Rates as of 06:00 GMT
EUR gapped higher at the opening Monday as it became clear that President Macron was ahead in the French election by more than the polls had suggested. Preliminary results show him winning 27.6% of the vote vs 23.4% for his main opponent, Marine Le Pen.
The boost quickly faded though as traders considered the uncertainty around the second round to be held in two weeks. The key will be what the 22% who voted for left-wing Jean-Luc Melenchon do. While he urged them several times not to vote for Le Pen, he did not urge them to vote for Macron. Many are expected to abstain. This is the wild card for the election. Meanwhile the far-right Éric Zemmour in fourth place with 7.1% endorsed Le Pen, while the center-right Valérie Pécresse in fifth place with 4.8% endorsed Macron.
Three exit polls suggest Marcon is likely to win by at least 54%-46%. Remember though that the polls said Trump had only a 30% chance of winning in 2016.
While the two-week risk reversals fell as they now encompass the run-off election date, the longer-dated risk reversals are higher, indicating that the market sees less long-term risk from the election.
The results showed the collapse of the traditional French political structure. Valérie Pécresse, who represented the conservative Les Républicains, scored below 5%, the lowest result ever for her party. Meanwhile, Socialist Paris Mayor Anne Hidalgo didn’t even reach 2%. As a result the two parties that controlled French politics for decades now got less than 10% of the vote together. The traditional divide between the left and the right is no longer relevant in France. Instead, there is a fight between a mainstream pro-European bloc that is open to the outside world vs nationalists who want a more isolationist stance on the other.
Meanwhile, JPY fell (USD/JPY rose) as US yields continued to climb but Japanese yields remain straitjacketed by the Bank of Japan’s Yield Curve Control (YCC) policy. Ten-year US Treasuries this morning were trading at 2.77%, up from 2.71% at Friday’s close. Meanwhile Japanese 10-year yields can’t rise above 0.25%.
Commitments of Traders (CoT) report
Speculators made few large changes in their positions. They flipped from modestly short CAD and MXN to modestly long and trimmed their AUD shorts, but that’s about it. They added to their EUR longs. Overall the change meant a slightly less long USD position.
Hedge funds more than doubled their long MXN position while also increasing their long GBP. They trimmed their short AUD, CAD, and EUR positions while increasing their short JPY, NZD, and CHF.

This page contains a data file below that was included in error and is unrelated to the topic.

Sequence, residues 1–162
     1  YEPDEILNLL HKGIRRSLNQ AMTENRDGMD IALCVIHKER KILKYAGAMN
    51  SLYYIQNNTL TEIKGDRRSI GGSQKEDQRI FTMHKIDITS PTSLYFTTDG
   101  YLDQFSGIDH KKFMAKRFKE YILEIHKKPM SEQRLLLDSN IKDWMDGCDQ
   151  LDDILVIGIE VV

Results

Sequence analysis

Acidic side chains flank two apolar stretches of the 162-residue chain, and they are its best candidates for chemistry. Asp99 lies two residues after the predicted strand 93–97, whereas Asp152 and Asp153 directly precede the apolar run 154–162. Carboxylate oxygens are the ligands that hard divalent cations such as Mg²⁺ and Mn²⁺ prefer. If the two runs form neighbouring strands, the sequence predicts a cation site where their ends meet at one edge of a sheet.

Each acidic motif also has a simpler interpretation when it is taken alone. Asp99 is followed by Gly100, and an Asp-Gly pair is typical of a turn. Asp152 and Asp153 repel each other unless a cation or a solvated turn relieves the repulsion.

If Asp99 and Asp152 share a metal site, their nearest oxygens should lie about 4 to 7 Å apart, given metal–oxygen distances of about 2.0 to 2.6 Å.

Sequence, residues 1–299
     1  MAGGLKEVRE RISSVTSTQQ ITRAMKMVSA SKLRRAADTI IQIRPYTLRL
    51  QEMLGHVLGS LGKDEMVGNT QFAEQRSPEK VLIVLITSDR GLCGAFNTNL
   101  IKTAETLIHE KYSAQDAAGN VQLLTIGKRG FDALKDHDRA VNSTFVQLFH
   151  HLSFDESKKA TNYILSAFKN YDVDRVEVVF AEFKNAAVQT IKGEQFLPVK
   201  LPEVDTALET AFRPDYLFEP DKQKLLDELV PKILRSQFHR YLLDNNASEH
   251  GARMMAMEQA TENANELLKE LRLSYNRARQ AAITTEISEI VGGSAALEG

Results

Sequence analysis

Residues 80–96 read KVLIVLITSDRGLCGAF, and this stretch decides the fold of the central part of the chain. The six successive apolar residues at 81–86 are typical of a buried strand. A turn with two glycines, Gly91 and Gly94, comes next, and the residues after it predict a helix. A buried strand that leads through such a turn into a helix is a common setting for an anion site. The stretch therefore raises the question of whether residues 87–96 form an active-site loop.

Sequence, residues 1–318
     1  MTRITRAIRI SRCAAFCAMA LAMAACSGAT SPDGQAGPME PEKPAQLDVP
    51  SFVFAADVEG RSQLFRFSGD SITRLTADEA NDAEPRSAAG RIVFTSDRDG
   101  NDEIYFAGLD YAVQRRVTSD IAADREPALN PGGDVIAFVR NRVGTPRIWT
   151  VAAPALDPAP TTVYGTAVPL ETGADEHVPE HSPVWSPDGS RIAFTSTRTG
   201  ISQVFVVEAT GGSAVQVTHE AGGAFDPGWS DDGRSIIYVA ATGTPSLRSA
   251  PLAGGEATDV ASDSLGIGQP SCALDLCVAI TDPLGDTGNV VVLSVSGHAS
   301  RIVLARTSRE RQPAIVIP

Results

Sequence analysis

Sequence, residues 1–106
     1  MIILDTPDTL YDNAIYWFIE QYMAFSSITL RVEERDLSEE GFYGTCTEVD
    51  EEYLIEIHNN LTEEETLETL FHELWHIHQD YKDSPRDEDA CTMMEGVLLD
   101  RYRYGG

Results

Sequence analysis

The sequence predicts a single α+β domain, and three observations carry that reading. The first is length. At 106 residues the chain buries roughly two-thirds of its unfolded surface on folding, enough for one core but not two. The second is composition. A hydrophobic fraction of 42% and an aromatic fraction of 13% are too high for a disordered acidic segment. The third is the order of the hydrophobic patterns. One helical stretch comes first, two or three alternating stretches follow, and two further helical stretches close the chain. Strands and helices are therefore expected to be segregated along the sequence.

Retail investors were bullish the commodity currencies – they increased their long CAD, AUD, and (small) NZD positions. On the other hand, they trimmed their long EUR. As for their shorts, they trimmed their short JPY and CHF positions too, which goes along with adding to the commodity currency longs. They also added to their GBP shorts, the opposite of what hedge funds are doing.
Precious metals: Speculators trimmed their long gold and silver positions a bit, but we haven’t had a significant change in their positions in quite some time.
Note: The table above is updated before publication with the latest consensus forecasts. However, the text & charts are prepared ahead of time. Therefore there can be discrepancies between the forecasts given in the table above and in the text & charts.
The big event for the day, the UK “short-term indicator day,” is already out. As shown in the table at the top, GDP was mixed (mom figure missed expectations but 3m/3m beat) while industrial & manufacturing production was way below estimates – it fell instead of rising as expected. Meanwhile the trade deficit narrowed but not as much as expected. GBP-
The Swiss National Bank (SNB) has finally said “enough is enough,” more or less. Last week Swiss sight deposits rose by CHF 5.7bn, more than double the previous few weeks’ amount.
However you can see that this is nothing new for the SNB. In the past they’ve done much much more when they wanted to hold the line. Today’s figure will be interesting to see if they increase it again. That would be a signal that they’re frustrated and want to see EUR/CHF come back up.